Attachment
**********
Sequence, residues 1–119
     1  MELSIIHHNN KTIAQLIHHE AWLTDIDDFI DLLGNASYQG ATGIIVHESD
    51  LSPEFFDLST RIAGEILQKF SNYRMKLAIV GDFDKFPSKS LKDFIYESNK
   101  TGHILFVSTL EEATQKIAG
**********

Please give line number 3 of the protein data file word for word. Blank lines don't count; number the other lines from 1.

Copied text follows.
    51  LSPEFFDLST RIAGEILQKF SNYRMKLAIV GDFDKFPSKS LKDFIYESNK